Scriptures and The Word
We often use the terms "Scriptures" and "The Word" or "The Word of God" interchangeably and, in most cases and for most practicalities, they are. However, there are subtle differences which, without grasping their importance, we may run amiss in our investigation.
In the Old Testament, the term "the Word of God" was almost exclusively used to refer to prophesy or to prophetic insights, dreams, and revelations. For example, when Samuel came to anoint Saul as King over Israel, he said, "Say to the servant that he might go ahead of us and pass on, but you remain standing now, that I may proclaim the word of God to you." (1 Samuel 9:27) Samuel then proceeded to prophesy to Saul the Word of God for him. Similarly, Abram received the Word of God in a vision regarding his future offspring. "After these things the word of the Lord came to Abram in a vision, saying, 'Do not fear, Abram, I am a shield to you; your reward shall be very great.'" (Genesis 15:1) The word "scripture" never appears in our English translations of the Old Testament. They were most often simply referenced to as "this book". "Then the king [Josiah] stood in his place and made a covenant before the Lord to walk after the Lord, and to keep His commandments and His testimonies and His statutes with all his heart and with all his soul, to perform the words of the covenant written in this book." (2 Chronicles 34:31)
Similarly, in the New Testament many references are made to the prophesies and, in most cases, when referring to "scriptures" they most often were referring directly to the recorded prophesies of the Old Testament. Peter refers to the Old Testament prophesies as "the prophetic word made more sure, to which you do well to pay attention as to a lamp shining in a dark place, until the day dawns and the morning star arises in your hearts." (2 Peter 1:19) and confirmed their divine origin as being the Word of God. "But know this first of all, that no prophecy of Scripture is a matter of one's own interpretation, for no prophecy was ever made by an act of human will, but men moved by the Holy Spirit spoke from God." (2 Peter 1:20-21) It would be hundreds of years before any of the New Testament writings would be called "scripture".
However, in the New Testament we learn that the Word of God is also God and proceeds from the Father and is wholly personified in the Person of Jesus Christ. John tells us, "In the beginning was the Word, and the Word was with God, and the Word was God. He was in the beginning with God... And the Word became flesh, and dwelt among us, and we saw His glory, glory as of the only begotten from the Father, full of grace and truth." (John 1:1-2, 14) Old Testament prophesy had been replaced by the present and living revealing of the Word in human flesh. The Word of God, once hidden in dark sayings and night visions, had now been publicly revealed as the only begotten Son of the Father. However, this should not surprise us for, as John further testifies, "the testimony of Jesus is the spirit of prophecy." (Revelation 19:10) Jesus was then revealed through prophesy but now He has been revealed in the flesh. This was God's plan all along, as the writer of Hebrews tells us, "God, after He spoke long ago to the fathers in the prophets in many portions and in many ways, in these last days has spoken to us in His Son, whom He appointed heir of all things, through whom also He made the world." (Hebrews 1:1-2)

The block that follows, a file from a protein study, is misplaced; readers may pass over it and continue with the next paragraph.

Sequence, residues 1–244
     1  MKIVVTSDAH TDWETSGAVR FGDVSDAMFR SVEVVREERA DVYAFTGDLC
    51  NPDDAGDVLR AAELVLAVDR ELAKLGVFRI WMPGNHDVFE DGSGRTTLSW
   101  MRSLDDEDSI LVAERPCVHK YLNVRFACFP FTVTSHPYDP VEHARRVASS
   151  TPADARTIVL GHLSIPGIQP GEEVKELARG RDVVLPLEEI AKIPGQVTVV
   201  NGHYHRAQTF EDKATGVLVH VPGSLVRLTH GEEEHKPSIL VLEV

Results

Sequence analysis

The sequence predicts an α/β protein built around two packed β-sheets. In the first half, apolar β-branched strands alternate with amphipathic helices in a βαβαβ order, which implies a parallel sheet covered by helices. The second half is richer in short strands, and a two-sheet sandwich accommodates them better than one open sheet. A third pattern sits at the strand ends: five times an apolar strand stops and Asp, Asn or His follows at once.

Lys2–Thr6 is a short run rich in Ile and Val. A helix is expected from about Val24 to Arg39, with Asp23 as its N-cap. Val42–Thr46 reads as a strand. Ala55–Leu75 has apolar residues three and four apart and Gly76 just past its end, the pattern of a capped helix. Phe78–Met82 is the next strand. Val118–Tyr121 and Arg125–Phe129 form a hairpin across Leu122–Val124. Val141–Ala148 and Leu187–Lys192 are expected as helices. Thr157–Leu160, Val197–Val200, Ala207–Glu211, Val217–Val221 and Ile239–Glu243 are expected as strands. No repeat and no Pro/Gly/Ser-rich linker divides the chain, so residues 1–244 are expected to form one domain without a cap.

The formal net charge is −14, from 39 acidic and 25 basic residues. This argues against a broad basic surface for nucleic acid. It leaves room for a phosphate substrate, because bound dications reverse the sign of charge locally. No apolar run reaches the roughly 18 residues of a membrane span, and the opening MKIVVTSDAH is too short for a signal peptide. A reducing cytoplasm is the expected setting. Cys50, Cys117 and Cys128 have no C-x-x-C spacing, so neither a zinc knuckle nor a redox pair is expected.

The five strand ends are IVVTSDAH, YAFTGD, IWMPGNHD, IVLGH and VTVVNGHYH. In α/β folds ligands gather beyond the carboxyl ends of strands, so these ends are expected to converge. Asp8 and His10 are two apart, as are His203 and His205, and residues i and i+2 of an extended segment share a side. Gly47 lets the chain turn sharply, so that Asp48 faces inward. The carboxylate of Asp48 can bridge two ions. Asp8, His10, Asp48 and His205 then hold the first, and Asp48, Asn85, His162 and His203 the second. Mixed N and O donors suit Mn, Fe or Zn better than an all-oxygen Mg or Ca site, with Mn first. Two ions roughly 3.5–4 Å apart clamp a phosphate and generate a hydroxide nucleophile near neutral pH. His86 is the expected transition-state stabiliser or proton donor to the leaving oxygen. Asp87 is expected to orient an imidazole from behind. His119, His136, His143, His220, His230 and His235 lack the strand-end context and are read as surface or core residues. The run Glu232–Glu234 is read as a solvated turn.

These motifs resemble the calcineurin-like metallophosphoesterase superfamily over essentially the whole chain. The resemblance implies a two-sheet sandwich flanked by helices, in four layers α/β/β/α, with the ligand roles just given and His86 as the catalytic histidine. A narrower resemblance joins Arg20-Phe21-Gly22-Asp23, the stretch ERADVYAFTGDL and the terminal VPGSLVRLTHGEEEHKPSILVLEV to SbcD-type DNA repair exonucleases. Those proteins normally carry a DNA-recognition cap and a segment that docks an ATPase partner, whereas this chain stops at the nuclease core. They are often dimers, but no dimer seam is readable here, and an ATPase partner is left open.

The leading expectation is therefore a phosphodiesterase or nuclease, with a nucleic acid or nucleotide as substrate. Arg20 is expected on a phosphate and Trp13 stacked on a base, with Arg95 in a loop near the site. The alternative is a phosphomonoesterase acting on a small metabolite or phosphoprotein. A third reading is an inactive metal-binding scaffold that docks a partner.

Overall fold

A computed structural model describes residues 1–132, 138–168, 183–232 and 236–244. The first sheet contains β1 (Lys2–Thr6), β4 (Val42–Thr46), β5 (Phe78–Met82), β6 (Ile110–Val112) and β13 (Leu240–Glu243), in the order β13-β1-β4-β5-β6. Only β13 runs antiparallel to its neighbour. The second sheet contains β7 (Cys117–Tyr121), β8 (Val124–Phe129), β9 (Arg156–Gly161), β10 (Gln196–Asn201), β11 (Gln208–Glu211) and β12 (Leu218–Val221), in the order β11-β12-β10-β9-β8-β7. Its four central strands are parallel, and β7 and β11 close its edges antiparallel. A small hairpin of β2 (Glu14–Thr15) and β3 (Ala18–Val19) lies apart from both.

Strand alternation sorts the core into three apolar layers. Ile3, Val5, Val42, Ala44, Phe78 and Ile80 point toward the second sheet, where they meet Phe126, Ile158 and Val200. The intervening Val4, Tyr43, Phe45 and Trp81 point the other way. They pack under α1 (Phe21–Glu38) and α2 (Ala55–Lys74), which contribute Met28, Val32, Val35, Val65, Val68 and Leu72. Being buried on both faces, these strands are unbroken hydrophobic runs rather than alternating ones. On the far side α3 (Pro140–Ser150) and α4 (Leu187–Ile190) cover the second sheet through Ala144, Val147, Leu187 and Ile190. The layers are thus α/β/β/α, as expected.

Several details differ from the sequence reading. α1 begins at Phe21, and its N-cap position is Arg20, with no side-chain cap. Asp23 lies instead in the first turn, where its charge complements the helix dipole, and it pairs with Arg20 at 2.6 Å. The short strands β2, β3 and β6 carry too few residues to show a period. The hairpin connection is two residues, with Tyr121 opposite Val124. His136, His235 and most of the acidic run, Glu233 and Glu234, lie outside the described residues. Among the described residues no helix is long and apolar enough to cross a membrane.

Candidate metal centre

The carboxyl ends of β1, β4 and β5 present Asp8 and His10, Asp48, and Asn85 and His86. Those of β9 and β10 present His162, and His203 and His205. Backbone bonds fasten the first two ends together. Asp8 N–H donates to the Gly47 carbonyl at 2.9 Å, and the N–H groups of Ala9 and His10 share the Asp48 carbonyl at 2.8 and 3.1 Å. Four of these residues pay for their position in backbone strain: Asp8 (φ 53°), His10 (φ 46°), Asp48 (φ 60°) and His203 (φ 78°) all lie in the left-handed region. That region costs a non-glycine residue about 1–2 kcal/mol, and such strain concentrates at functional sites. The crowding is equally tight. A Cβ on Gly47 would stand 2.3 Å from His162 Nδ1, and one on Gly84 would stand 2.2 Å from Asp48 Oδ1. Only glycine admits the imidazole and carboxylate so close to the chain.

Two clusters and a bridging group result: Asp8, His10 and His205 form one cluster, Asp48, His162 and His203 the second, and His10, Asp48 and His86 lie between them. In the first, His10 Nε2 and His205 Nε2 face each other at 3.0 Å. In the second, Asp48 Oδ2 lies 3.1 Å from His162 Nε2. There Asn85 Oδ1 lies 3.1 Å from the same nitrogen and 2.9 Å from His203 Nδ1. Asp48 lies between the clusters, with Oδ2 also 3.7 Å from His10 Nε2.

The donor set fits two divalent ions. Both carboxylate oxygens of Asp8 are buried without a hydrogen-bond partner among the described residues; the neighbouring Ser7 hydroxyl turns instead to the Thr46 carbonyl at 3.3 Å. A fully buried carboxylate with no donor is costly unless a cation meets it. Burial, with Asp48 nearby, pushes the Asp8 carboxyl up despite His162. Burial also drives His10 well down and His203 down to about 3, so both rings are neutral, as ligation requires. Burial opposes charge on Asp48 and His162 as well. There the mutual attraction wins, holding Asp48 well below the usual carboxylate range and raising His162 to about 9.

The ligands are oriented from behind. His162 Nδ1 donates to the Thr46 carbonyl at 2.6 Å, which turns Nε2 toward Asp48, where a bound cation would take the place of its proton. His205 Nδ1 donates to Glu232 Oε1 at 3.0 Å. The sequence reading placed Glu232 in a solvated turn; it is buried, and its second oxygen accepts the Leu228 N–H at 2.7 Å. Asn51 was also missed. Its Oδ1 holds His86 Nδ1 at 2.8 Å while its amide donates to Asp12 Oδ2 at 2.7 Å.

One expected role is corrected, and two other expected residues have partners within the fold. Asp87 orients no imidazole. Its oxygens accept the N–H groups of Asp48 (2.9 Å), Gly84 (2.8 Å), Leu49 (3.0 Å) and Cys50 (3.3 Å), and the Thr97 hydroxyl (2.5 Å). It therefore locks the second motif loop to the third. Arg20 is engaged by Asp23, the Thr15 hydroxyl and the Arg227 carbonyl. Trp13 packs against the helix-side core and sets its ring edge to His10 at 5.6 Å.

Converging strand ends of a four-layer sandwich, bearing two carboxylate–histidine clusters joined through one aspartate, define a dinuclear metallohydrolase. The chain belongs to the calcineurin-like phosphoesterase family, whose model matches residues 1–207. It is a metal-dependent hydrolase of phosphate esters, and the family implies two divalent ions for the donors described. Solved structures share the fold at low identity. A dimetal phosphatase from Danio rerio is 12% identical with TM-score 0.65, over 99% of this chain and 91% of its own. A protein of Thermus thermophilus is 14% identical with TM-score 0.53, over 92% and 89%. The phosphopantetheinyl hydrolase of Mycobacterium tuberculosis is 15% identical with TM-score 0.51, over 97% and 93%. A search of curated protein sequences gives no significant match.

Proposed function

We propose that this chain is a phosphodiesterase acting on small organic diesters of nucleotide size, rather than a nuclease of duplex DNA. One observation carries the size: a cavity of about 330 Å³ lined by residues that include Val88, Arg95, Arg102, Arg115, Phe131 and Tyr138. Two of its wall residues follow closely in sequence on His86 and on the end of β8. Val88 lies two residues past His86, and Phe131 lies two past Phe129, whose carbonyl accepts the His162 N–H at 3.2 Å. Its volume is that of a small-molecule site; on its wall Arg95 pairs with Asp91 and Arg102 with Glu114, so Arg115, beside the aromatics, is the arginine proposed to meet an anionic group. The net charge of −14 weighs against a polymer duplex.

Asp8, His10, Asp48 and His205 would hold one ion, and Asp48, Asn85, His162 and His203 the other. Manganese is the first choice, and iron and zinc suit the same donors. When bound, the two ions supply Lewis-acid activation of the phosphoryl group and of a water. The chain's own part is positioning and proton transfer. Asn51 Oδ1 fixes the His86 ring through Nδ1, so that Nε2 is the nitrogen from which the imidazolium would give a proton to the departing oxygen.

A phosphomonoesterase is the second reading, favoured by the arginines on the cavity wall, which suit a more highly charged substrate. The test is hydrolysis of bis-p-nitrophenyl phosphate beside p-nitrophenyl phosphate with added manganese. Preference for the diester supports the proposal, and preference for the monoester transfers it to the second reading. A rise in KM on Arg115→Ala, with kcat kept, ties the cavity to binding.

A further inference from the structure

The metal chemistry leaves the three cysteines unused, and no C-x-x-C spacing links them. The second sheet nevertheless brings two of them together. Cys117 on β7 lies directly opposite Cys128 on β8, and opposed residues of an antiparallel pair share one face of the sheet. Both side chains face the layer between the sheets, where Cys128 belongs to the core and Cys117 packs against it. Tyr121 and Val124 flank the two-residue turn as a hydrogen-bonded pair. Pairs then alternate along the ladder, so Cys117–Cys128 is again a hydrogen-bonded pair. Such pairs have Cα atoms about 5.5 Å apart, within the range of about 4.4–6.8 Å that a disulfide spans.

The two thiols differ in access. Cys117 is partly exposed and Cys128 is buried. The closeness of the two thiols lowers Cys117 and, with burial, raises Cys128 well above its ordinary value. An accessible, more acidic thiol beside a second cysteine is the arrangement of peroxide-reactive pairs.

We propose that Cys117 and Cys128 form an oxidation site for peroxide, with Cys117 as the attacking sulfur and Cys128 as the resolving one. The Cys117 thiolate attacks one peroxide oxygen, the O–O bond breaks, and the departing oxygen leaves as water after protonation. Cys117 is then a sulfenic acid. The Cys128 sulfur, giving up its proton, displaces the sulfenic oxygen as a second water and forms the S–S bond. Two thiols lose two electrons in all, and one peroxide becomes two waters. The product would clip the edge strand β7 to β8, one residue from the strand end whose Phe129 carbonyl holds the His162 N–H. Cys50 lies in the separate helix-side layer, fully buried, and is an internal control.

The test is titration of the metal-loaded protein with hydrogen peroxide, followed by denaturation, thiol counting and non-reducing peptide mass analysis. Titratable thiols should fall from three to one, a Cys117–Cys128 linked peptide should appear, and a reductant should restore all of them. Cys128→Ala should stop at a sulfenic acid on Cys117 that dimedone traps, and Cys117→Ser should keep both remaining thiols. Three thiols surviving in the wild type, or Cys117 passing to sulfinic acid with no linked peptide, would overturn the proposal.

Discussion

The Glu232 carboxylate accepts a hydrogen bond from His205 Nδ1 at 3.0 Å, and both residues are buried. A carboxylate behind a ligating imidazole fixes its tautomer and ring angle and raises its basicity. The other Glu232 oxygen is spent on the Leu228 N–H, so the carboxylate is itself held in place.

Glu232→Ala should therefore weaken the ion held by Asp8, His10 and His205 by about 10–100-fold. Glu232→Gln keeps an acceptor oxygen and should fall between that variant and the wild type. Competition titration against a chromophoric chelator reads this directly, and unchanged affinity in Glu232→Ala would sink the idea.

The study of the Word of God is the study of Jesus, and the study of Jesus is the study of the Father, and the study of the Father is the study of God. All of this aided by the gracious work of the Spirit in our lives and upon our minds. Such as study is far more extensive and expansive for us to take up here. It would take a life time, actually an eternity, to properly understand and apprehend God; a vocation that is most noble and praise worth for all who take it up. However, for our purposes, we will focus, not so much on The Word of God, but on the scriptures themselves and our need for them and their benefit in our lives.
Scriptures are those collection of inspired writings. These writings serve to give definition, context, history, and revelation regarding our faith. They also help us to answer the most pressing of life's questions. Irenaeus speaks elegantly of our basic need to know God. "For the Lord who formed the visual powers is He who made the whole man, carrying out the will of the Father. And inasmuch as man, with respect to that formation which, was after Adam, having fallen into transgression, needed the laver of regeneration, [the Lord] said to him [upon whom He had conferred sight], after He had smeared his eyes with the clay, 'Go to Siloam, and wash;' thus restoring to him both [his perfect] confirmation, and that regeneration which takes place by means of the laver. And for this reason when he was washed he came seeing, that he might both know Him who had fashioned him, and
that man might learn [to know] Him who has conferred upon him life." (Irenaeus, Against Heresies, Book 5 Chapter 15) All our questions of who we are, why we were created, what our purpose in this life is, and how we can know happiness, truth, and joy find their answers when we come to know Him who fashioned us and Him who redeemed us. This is the one that the scriptures speak about and these are the questions whose answers they reveal. This is why the scriptures are precious and important to us, for they tell us about God and about ourselves and show us the way to life abundant. I hope you enjoy the following series on The Scriptures.